It doesn't seem to me there's any optimum pressure range for everybody. As long as it's not so low you're spinning the tires on the rims or overheating them running at highway speeds and you don't over inflate them to the point they blow up, it's all good.

I am now a proponent of pdwestman's idea of running a little more pressure in the front.
 

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Another vote for PDwest.

Although I go a bit overboard I happen to like 50 up front
and about 40 in the back. They won't blow up I promise.
Due to liability issues on catastrophic tire failure on an m/c
they are manufactured much stronger per sq. inch than a cage
tire. Never had a blowout in 30+ years and I think 115,000
lifetime bike miles. (yes I kept track of each bike n' tallied)

There isn't a problem on or off road and I like the direct feel
n' run hard suspension too. Rear on #5 and 1 inch spacers crammed in the tubes.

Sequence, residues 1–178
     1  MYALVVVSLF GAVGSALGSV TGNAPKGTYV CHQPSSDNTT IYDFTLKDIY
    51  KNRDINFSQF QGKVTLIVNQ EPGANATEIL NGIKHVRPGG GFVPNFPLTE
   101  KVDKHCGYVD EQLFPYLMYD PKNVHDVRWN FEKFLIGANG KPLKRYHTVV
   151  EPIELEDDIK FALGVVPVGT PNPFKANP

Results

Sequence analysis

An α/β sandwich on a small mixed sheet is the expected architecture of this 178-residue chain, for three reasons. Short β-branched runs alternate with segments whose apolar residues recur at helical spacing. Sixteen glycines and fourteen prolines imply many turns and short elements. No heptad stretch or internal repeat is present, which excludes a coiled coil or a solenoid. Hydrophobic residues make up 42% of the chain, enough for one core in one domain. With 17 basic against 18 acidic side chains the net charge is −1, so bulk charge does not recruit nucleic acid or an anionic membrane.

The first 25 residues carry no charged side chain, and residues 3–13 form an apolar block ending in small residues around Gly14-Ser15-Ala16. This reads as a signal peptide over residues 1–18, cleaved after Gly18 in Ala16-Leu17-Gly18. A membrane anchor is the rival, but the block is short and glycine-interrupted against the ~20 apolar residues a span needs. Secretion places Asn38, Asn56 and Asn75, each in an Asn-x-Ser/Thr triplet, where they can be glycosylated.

I get REAL low in the twisties and hard tires combined with soft knobbies give
killer traction and feedback both.

Just another point of view similar to West with a few more psi's,

Cheeeeeeeeeeeeeeeeeeeap
 

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I opted for 34 on the rear and 36 on the front and will adjust accordingly.

Sorry didn't reply earlier but my bike was in the shed under a cover and I was too lazy to go and check the label I made and put in my trunk.

What you chose for pressure is what I ran when I had the 761's on. My rule of thumb for pressures is max. as printed on the sidewall < 10%.
 

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Discussion Starter #9